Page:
Sunday, 21 December 2014

Cleaning Lights and Lamps

Dust lights and lamps with an old T-shirt for a quick clean.

Light shades made of fabric should be dry cleaned or cleaned with carpet cleaner or brushed with bran and vinegar. Once the carpet cleaner or bran and vinegar is dry, use the brush head on your vacuum cleaner to remove it. Make sure the brush is clean first or you'll create more mess. Glass light-shades should be cleaned in warm water. Clean brass and metal arms with a good quality brass polish - and make sure you don't get cleaning product in the electrical fittings. To cut down on bugs, spray the tops of the light shades wit surface insecticide. 

Cleaning Paintings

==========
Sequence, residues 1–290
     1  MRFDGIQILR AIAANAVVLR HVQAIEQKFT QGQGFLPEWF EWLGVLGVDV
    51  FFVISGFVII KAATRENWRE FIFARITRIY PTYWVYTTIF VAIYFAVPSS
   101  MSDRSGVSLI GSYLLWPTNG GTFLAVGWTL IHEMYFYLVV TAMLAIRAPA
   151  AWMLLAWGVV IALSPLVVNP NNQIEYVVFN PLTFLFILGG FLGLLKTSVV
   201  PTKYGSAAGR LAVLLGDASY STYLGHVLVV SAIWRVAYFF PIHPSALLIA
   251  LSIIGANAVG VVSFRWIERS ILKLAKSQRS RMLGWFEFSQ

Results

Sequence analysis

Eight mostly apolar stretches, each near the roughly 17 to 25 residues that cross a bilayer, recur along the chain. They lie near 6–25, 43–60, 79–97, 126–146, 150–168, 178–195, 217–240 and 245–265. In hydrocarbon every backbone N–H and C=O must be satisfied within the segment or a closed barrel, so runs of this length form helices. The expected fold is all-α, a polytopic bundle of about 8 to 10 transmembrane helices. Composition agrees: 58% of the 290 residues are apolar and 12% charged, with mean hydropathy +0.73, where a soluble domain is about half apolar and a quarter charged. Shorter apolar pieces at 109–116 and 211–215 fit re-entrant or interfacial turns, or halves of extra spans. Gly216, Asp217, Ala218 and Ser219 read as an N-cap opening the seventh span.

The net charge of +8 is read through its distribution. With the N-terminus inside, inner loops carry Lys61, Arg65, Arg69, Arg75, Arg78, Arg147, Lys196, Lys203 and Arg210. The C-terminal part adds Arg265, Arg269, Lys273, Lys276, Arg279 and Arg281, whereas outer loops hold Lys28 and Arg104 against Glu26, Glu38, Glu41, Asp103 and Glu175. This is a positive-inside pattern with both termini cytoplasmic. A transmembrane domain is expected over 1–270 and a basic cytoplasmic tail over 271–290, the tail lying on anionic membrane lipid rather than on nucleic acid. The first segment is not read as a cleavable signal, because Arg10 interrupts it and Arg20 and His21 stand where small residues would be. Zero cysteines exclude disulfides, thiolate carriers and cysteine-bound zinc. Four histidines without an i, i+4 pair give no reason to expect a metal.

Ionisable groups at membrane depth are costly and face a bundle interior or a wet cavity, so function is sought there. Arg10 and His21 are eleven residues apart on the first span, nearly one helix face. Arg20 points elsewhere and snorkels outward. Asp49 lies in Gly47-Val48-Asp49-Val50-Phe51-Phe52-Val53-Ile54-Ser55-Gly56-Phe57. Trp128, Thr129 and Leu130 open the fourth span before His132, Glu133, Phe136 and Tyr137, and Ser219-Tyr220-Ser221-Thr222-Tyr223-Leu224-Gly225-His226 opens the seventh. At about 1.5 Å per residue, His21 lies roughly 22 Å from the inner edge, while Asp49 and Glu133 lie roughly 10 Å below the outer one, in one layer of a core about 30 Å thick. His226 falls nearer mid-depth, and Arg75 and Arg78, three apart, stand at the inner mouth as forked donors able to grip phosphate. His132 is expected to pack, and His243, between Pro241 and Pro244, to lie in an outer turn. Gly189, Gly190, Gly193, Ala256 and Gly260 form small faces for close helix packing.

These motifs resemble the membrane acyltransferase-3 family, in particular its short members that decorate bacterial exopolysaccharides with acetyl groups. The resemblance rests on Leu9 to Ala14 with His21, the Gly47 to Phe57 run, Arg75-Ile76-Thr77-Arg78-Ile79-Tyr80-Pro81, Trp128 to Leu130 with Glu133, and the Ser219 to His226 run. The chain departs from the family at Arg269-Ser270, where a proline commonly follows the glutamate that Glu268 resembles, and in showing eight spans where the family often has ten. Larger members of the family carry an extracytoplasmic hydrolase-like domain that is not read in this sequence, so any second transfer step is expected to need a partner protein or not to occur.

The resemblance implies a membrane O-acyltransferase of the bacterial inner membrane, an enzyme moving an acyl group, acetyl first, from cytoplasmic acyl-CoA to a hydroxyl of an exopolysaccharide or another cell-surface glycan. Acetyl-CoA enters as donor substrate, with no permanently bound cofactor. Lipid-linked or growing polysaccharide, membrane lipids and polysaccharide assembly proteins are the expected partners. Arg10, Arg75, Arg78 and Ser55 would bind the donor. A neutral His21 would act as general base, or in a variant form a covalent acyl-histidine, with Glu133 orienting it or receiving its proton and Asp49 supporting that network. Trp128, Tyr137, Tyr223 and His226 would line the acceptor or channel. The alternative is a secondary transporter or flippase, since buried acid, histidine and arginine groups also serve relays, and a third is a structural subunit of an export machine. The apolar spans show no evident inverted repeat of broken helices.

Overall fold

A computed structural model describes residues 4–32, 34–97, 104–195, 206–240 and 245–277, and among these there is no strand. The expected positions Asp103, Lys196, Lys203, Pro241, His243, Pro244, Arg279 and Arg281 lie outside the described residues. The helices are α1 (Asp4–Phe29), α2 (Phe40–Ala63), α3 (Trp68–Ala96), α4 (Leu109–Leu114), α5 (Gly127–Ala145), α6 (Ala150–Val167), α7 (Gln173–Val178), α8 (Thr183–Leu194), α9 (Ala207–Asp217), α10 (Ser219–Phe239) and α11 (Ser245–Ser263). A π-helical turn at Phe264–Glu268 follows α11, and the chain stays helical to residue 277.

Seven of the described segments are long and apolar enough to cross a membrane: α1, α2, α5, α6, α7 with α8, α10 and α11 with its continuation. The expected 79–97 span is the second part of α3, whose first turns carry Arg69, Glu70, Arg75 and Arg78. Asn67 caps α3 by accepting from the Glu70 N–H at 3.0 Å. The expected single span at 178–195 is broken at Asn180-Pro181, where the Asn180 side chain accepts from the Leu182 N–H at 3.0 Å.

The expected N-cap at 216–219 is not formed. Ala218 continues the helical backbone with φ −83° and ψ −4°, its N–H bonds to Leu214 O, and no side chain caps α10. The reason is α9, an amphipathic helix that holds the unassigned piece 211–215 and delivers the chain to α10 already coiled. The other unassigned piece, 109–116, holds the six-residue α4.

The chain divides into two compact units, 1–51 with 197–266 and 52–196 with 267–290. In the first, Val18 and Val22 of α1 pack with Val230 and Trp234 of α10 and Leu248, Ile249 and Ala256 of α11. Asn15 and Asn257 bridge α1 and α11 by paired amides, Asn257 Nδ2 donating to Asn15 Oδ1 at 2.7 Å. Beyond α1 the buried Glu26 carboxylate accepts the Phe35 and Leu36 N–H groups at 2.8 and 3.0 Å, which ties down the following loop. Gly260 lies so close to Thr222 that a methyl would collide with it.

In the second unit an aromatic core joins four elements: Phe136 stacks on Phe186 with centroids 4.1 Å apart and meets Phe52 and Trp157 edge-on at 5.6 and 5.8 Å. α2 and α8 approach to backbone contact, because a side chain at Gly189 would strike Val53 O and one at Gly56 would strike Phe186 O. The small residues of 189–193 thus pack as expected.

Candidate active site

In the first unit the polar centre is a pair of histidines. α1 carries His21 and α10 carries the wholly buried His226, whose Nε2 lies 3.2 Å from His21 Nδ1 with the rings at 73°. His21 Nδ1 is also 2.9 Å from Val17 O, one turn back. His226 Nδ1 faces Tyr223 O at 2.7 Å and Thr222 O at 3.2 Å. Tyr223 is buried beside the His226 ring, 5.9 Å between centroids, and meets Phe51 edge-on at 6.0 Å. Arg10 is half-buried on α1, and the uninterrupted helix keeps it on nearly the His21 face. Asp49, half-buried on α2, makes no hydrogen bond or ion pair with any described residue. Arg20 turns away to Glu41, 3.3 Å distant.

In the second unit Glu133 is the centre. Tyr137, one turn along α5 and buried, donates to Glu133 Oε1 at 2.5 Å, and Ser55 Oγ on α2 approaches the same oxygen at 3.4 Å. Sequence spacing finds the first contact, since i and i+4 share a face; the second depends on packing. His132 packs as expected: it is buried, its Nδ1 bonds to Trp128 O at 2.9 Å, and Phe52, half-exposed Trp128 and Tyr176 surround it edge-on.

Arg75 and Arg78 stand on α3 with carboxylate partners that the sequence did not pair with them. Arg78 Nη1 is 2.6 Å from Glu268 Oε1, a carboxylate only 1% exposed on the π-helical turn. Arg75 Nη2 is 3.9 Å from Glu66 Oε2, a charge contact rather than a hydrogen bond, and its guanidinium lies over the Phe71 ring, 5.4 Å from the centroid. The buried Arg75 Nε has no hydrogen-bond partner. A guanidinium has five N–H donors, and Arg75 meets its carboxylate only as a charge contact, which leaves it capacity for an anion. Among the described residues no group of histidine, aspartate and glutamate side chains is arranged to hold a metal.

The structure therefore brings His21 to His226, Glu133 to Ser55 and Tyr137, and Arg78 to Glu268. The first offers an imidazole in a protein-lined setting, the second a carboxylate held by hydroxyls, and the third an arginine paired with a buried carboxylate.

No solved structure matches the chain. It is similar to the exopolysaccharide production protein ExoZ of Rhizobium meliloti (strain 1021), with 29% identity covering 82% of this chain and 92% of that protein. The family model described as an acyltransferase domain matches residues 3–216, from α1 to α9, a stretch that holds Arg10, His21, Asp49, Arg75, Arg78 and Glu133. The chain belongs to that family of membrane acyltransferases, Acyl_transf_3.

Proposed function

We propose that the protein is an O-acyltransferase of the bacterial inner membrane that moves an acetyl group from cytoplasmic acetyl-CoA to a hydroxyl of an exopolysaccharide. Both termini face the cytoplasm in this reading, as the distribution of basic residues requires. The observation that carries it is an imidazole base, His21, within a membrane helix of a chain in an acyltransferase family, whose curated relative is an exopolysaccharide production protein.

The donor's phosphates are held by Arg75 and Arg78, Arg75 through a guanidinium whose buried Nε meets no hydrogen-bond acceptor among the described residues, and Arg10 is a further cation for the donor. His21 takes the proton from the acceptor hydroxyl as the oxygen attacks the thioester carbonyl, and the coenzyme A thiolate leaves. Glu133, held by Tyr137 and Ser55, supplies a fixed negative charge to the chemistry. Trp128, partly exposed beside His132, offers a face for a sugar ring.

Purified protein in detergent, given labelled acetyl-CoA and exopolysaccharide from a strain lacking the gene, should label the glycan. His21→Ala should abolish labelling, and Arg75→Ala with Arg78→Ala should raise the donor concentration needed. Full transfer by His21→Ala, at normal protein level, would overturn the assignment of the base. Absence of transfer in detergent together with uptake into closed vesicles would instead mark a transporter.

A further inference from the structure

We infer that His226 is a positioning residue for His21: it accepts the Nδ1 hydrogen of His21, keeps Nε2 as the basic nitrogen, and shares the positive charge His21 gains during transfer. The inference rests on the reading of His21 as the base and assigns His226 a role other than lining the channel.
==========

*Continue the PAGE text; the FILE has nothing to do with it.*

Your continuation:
Acrylic paintings can be cleaned with a damp cloth. Water colours should be cleaned by a professional. To remove residue and dust from oil paintings, clean with stale urine, salt and potato. This technique is a guaranteed barbecue stopper! Collect 1 litre of female urine and leave it in the sun for a week to reduce it to 500 millilitres. Add 1 tablespoon of salt and 2 tablespoons of grated raw potato. Stir and allow the mixture to sit for 30 minutes. Dampen a cloth in the mixture, wring it out and then wipe gently over the painting. Dampen a clean cloth in water and wipe the painting gently and pat it dry. You can also rub brown bread over the painting to clean it but it can induce mould if the atmosphere is damp, so don't use this technique if you're in a damp, dark spot. For any serious cleaning problems, see a restorer. Never use alcohol-based cleaners such as methylated spirits or turpentine on gilded frames. Most gilding is covered with a layer of shellac and alcohol-based cleaners will affect it. Instead, dust the frame with a hairdryer on the cool setting. This should be enough to clean it but if dirt remains, wipe a damp cloth over the frame and then dry it with a soft cloth. Protect paintings by spraying a cloth with a surface insecticide and wipe it over the back of the picture frames. Don't touch the painting, just the frames.